Re: Factor

Factor: the language, the theory, and the practice.


Wednesday, June 5, 2024

The Bend programming language is a massively parallel, high-level programming language. It has some really neat dataflow concepts that make it inherently parallel because it infers the flow of variables and then naturally performs divide and conquer to utilize all available computing resources, both CPU and GPU.

This results in some impressive speedups:

Yet, since it uses a divide-and-conquer approach, which is inherently parallel, Bend will run it multi-threaded. Some benchmarks:

CPU, Apple M3 Max, 1 thread: 12.15 seconds

CPU, Apple M3 Max, 16 threads: 0.96 seconds

GPU, NVIDIA RTX 4090, 16k threads: 0.21 seconds

That’s a 57x speedup by doing nothing.

One of our current challenges in Factor is that we use green threads and are effectively single-threaded for computations. We have a non-blocking I/O implementation as well as integration with UI event loops, so it ends up feeling more concurrent than it actually is.

We hope to solve that in the future, both by supporting native threads and also by a multi-vm approach that is somewhat equivalent to the Python multiprocessing module. Some early ideas have been contributed towards this goal, but so far it is not complete.

Bend Example

One of the Bend examples that we are going to try and implement in Factor uses a bend and fork operations which creates concurrency points in a kind of fork-join model:

# given a shader, returns a square image
def render(depth, shader):
  bend d = 0, i = 0:
    when d < depth:
      color = (fork(d+1, i*2+0), fork(d+1, i*2+1))
      width = depth / 2
      color = shader(i % width, i / width)
  return color

# given a position, returns a color
# for this demo, it just busy loops
def demo_shader(x, y):
  bend i = 0:
    when i < 5000:
      color = fork(i + 1)
      color = 0x000001
  return color

# renders a 256x256 image using demo_shader
def main:
  return render(16, demo_shader)

Factor Syntax

A few days ago, Keldan Chapman contributed an early version of a bend vocabulary. And then, we spent some time working together on the Factor Discord server on some alternative implementations, one of which I want to go over below.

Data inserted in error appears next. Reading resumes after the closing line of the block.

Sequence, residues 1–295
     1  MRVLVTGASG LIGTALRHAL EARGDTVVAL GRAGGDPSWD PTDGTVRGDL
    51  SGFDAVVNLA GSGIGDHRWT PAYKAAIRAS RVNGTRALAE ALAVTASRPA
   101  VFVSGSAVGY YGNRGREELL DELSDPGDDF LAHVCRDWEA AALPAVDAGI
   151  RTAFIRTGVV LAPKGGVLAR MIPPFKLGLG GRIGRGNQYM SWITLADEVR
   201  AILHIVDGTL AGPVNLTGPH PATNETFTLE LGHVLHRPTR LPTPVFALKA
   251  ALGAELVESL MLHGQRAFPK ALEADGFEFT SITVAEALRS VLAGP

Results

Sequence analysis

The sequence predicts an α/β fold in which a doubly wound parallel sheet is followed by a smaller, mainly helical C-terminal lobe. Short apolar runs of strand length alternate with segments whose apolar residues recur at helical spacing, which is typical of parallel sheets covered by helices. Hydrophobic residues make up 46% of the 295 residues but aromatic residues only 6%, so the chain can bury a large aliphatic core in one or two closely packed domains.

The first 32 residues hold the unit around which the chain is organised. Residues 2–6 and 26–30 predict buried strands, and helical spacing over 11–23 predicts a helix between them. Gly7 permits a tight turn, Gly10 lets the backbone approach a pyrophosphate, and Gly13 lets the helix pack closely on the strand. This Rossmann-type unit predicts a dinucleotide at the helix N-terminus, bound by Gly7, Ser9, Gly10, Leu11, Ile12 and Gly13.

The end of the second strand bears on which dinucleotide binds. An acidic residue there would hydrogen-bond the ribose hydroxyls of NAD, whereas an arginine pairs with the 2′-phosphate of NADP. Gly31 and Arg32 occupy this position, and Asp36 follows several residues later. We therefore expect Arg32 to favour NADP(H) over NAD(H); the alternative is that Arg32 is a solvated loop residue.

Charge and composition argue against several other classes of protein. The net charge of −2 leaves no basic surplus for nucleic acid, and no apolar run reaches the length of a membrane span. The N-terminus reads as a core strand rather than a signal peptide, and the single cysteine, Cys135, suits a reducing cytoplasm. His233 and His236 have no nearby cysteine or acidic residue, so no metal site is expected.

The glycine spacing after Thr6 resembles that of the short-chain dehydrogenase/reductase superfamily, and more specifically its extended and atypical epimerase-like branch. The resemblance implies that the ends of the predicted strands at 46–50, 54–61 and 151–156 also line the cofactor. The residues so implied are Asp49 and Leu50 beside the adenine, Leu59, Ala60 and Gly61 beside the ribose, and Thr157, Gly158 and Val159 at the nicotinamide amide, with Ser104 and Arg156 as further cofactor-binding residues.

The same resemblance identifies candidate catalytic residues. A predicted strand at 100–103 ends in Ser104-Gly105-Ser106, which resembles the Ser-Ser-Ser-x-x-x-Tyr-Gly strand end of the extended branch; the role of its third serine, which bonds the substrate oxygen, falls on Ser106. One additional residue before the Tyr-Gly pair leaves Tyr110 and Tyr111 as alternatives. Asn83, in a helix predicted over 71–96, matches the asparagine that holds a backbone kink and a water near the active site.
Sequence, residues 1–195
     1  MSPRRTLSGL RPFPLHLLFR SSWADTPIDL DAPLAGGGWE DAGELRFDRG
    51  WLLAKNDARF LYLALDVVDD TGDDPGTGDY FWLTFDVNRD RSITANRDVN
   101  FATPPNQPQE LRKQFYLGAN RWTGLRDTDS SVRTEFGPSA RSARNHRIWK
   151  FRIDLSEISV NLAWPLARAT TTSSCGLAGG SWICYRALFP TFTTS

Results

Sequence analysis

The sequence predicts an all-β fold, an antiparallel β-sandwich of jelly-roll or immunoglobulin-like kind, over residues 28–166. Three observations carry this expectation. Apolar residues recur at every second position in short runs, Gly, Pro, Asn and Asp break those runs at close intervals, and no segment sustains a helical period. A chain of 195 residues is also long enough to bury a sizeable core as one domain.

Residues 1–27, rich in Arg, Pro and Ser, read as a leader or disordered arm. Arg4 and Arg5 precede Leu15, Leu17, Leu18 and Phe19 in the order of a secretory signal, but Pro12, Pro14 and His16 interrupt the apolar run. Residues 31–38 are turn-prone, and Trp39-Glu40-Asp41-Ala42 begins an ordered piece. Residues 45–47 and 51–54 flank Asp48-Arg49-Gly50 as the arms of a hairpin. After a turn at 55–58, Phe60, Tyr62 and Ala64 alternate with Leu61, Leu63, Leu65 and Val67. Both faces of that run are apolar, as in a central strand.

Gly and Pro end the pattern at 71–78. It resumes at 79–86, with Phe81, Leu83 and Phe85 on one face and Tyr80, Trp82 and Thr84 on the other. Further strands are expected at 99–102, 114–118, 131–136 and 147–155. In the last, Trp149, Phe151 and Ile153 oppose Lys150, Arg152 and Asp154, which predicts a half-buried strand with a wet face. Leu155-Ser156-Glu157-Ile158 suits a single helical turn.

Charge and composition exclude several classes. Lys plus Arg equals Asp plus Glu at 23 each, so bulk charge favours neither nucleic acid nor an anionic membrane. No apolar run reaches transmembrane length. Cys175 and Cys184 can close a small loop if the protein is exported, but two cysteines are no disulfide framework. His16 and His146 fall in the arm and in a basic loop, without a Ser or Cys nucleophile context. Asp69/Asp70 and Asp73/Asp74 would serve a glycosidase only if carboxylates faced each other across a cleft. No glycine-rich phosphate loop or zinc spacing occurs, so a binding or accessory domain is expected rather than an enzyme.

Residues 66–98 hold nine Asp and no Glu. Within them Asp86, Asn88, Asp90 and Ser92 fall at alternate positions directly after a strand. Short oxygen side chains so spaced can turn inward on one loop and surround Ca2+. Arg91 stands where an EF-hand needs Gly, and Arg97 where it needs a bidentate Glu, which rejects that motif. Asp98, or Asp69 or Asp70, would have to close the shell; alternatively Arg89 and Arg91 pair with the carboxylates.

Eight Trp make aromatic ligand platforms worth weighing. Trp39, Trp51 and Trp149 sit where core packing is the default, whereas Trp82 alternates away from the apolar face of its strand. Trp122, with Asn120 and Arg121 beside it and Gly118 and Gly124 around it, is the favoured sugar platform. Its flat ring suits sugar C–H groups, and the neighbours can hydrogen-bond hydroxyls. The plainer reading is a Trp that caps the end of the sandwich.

We are going to create a BEND[ quotation that provides support for a fork word that implicitly recurses (but not currently through CPU or GPU parallelism) and then joins the results together. We create an uninterned word to hold our computation and use with-words to make the fork word only valid in the parsing scope to recurse.

    gensym dup
    dup "fork" associate [ parse-quotation ] with-words
    dup infer define-declared suffix! ;

A simple use-case of this might be to compute the factorial through recursion:

: factorial ( n -- n! )
    BEND[ dup 1 > [ dup 1 - fork * ] when ] ;

Or, perhaps computing Fibonacci numbers through recursion:

: fibonacci ( n -- fib )
    BEND[ dup 1 > [ [ 1 - fork ] [ 2 - fork ] bi + ] when ] ;

Factor Example

With that syntax defined, we can now translate the above example to the following form:

: render ( depth shader -- color )
    0 0 BEND[
        [let :> ( depth shader d i )
            d depth < [
                depth shader d 1 + i 2 * fork
                depth shader d 1 + i 2 * 1 + fork
            ] [
                i depth 2/ /mod swap shader call( x y -- color )
            ] if
    ] ;

:: demo-shader ( x y -- color )
    0 BEND[ dup 5000 < [ 1 + fork ] [ drop 0x000001 ] if ] ;

: main ( -- color )
    16 [ demo-shader ] render ;

Obviously, this fork doesn’t (currently) increase performance, and it might shadow the fork from the unix.process vocabulary, but it could represent the start of a new computational approach in Factor.

I can’t wait to see more from the Bend programming language and I also hope to see more of these ideas appearing and improving in Factor!